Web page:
Experts hope historic finds dug up in Bicester town centre may one day acts as inspiration to young minds.
Over the last two weeks archaeologists have been carrying out survey work ahead of the redevelopment of Old Place Yard.
Before any redevelopment takes place the Thames Valley Archaeological Service (TVAS) was sent in by Cherwell District Council to survey the remains of an Augustinian Priory.
The land includes the vacant St Edburg’s House care homes and former social services offices. The work which was started on Monday, August 5 and will finish on Tuesday, August 14.
Andy Weale, regional branch manager for TVAS said much of what they have found dates back from between the 12th and 14th centuries.
Cherwell District Council is in the process of purchasing land at Old Place Yard from Oxfordshire County Council (OCC) with a view to using the site to provide housing.
Evaluation of the site in has uncovered a series of walls and demolition layers relating to the former priory buildings as well as related graves, evidence of outbuildings including walls and a possible oven. A small number of burials have also been recorded.
It is hoped the find will eventually be displayed in north Oxon museums, and Mr Weale said the finds would be the ideal subject for school projects.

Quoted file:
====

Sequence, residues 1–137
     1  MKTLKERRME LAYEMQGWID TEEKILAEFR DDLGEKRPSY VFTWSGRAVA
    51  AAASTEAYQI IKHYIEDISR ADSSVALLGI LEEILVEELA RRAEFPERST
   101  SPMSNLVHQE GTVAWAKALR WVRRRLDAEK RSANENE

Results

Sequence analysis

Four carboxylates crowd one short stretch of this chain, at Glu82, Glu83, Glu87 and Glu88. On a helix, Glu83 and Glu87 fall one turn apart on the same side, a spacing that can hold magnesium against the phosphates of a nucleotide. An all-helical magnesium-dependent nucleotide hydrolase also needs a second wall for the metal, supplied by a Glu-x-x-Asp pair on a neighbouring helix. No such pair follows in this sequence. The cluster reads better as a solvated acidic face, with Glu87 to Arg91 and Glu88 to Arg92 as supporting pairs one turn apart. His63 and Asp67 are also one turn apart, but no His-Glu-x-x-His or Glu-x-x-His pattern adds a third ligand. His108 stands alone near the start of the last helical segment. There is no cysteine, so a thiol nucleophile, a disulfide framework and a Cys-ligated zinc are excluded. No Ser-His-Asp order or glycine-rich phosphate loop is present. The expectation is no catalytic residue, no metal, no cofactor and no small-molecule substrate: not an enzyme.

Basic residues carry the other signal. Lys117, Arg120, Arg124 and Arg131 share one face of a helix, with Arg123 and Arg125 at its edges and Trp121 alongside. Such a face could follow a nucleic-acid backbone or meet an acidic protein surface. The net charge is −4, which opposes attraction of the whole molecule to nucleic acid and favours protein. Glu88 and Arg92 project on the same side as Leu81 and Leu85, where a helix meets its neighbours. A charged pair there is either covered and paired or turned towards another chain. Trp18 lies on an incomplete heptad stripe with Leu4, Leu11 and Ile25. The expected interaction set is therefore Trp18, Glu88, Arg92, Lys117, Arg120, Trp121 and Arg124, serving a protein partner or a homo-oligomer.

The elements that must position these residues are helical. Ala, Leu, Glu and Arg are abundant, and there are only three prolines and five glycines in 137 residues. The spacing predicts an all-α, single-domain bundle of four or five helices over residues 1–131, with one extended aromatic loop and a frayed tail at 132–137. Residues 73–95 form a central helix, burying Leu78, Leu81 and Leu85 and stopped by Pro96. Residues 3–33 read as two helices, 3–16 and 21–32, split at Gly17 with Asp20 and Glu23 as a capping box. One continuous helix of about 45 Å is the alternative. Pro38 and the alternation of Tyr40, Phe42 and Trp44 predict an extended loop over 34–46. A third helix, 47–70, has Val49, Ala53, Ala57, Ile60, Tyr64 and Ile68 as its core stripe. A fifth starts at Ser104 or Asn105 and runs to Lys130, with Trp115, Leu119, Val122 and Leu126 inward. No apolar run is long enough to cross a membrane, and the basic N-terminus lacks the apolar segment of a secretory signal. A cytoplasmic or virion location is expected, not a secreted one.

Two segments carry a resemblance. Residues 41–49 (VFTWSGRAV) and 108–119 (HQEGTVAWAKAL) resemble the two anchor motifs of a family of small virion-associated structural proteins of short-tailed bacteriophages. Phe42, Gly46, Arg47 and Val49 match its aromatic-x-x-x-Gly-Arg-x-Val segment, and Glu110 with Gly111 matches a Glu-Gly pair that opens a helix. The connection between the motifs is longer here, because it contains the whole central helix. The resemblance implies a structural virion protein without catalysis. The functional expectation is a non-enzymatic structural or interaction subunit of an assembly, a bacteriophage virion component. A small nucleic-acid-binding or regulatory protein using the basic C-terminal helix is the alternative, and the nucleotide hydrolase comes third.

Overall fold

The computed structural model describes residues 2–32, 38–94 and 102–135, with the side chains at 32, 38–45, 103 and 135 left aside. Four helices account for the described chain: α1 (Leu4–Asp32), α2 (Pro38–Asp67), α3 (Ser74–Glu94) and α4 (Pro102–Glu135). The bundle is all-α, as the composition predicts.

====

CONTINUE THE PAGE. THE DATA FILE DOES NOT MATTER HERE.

He said lots of people have stopped to view the dig and added: “It has been fantastic project and I am so grateful for everyone being so hospitable.”
After being shown around the site last Friday, councillor Debbie Pickford, member of housing for CDC said it had being fascinating and added: “I’m so glad CDC have done their due diligence before the planning and we hope to look after these important parts for the future.”
The priory, linked to St Edburg’s Church was founded by Gilbert Basset betwen 1182 and 1186 replacing a Saxon church and was dissolved in 1536 by Henry VIII.
Among the features which have been discovered by the archaeologists are a series of walls thought to relate to the main Priory buildings itself, as well as walls relating to outbuildings and a small square building thought to be the remains of a cess pit. The possible remains of a bread oven have also been recovered. Although this phase of trenching is now mostly complete further analysis of the finds will continue which will provide valuable dating evidence for the features.
In addition to the features and finds the site contains a grade II listed Old Dovecote and stone boundary wall which will need to be preserved during any future development.
Mr Weale added: “We have also teamed up with Bicester Archaeological Society who have joined us on site as we continue to uncover the history of this site.”
Once the evaluation has been completed the information will be used by the county council’s historic environment team to advise Cherwell’s planning officers how best to develop the site. More details will be released in due course.